i think this is a great idea to do after each event.

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Josh Robinson at 7:35 pm

yes it helps especially planning the next event

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Allen Posey at 7:02 pm

i think this is a great idea to do after each event.

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Josh Robinson at 8:35 pm

yes it helps especially planning the next event

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Jimmy Hudson at 10:25 am

Great list. I’ve been looking for a good way to evaluate what we do. How often do you do this kind of review? After each event? I wonder if we could accomplish the same thing but online. Maybe through a survey I send my leaders after each event. Thanks for sparking the thought process!

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Josh Robinson at 10:58 am

It is a great tool to have in ministry. We do this kind of review on most events (retreats, camps, sermon series at times). I usually have a review with my staff after the event, usually a week or so out so we can have time to review.
I don’t have the review with all of my leaders because with over 15 people it can get random, hard to stay on track. I’d pull in a few leaders who are your go-to people and review.

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boardgamecloset at 11:25 am

Great list. I’ve been looking for a good way to evaluate what we do. How often do you do this kind of review? After each event? I wonder if we could accomplish the same thing but online. Maybe through a survey I send my leaders after each event. Thanks for sparking the thought process!

Reply
Josh Robinson at 11:58 am

It is a great tool to have in ministry. We do this kind of review on most events (retreats, camps, sermon series at times). I usually have a review with my staff after the event, usually a week or so out so we can have time to review.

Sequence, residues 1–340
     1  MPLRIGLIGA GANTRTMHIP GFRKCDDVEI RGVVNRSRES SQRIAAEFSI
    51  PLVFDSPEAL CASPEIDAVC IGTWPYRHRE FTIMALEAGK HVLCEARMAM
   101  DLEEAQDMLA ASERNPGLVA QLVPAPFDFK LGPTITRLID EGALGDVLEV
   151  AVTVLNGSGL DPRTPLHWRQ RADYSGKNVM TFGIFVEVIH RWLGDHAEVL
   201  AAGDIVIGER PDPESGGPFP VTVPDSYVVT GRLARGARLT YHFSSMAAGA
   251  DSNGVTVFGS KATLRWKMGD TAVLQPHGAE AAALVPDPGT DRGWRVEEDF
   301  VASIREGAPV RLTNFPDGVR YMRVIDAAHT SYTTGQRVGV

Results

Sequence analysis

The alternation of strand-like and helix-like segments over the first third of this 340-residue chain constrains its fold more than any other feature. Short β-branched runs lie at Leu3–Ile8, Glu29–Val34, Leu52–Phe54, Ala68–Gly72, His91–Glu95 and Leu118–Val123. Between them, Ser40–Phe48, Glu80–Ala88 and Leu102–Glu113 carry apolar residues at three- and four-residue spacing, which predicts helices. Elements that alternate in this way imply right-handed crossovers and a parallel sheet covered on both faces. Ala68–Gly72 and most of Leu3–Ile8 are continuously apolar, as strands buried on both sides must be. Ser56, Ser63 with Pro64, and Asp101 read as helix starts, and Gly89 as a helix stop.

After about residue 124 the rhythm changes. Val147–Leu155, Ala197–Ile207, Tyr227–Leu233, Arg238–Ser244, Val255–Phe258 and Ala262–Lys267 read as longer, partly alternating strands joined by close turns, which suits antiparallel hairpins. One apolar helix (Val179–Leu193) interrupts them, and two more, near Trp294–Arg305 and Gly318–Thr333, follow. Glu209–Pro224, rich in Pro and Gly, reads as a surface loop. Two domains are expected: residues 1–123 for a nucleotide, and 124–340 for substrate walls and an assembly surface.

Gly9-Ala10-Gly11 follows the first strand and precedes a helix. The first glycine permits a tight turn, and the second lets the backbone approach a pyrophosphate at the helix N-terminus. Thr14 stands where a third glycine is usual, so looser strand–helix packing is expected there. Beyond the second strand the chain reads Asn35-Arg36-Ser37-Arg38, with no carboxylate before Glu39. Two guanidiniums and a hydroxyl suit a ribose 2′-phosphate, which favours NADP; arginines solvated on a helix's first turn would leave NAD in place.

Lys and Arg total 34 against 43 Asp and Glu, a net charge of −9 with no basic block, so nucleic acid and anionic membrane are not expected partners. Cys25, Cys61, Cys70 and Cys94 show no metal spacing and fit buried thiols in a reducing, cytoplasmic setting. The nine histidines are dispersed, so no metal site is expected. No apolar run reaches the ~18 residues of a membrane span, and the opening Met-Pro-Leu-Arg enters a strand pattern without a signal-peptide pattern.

I don’t have the review with all of my leaders because with over 15 people it can get random, hard to stay on track. I’d pull in a few leaders who are your go-to people and review.

Reply
Kyle Sullivan at 10:36 am

Great post Josh! The church I get to serve at believes in a high feedback culture and how that fleshes itself out is to always be asking how we can make things better in our specific ministry areas, but also for the church as a whole. We also do one-on-one with our team leaders do gauge the progress of our ministries and also individually. It is a great thing to ensure you are always growing!

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Josh Robinson at 11:36 am

That is great Kyle. I learn the most when leaders share feedback under an umbrella of grace. That way, we all know we are FOR each other and want to help each be the best God has called us to be.

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Kyle Sullivan at 11:36 am

Great post Josh! The church I get to serve at believes in a high feedback culture and how that fleshes itself out is to always be asking how we can make things better in our specific ministry areas, but also for the church as a whole. We also do one-on-one with our team leaders do gauge the progress of our ministries and also individually. It is a great thing to ensure you are always growing!

Reply
Josh Robinson at 12:36 pm

That is great Kyle. I learn the most when leaders share feedback under an umbrella of grace. That way, we all know we are FOR each other and want to help each be the best God has called us to be.

Reply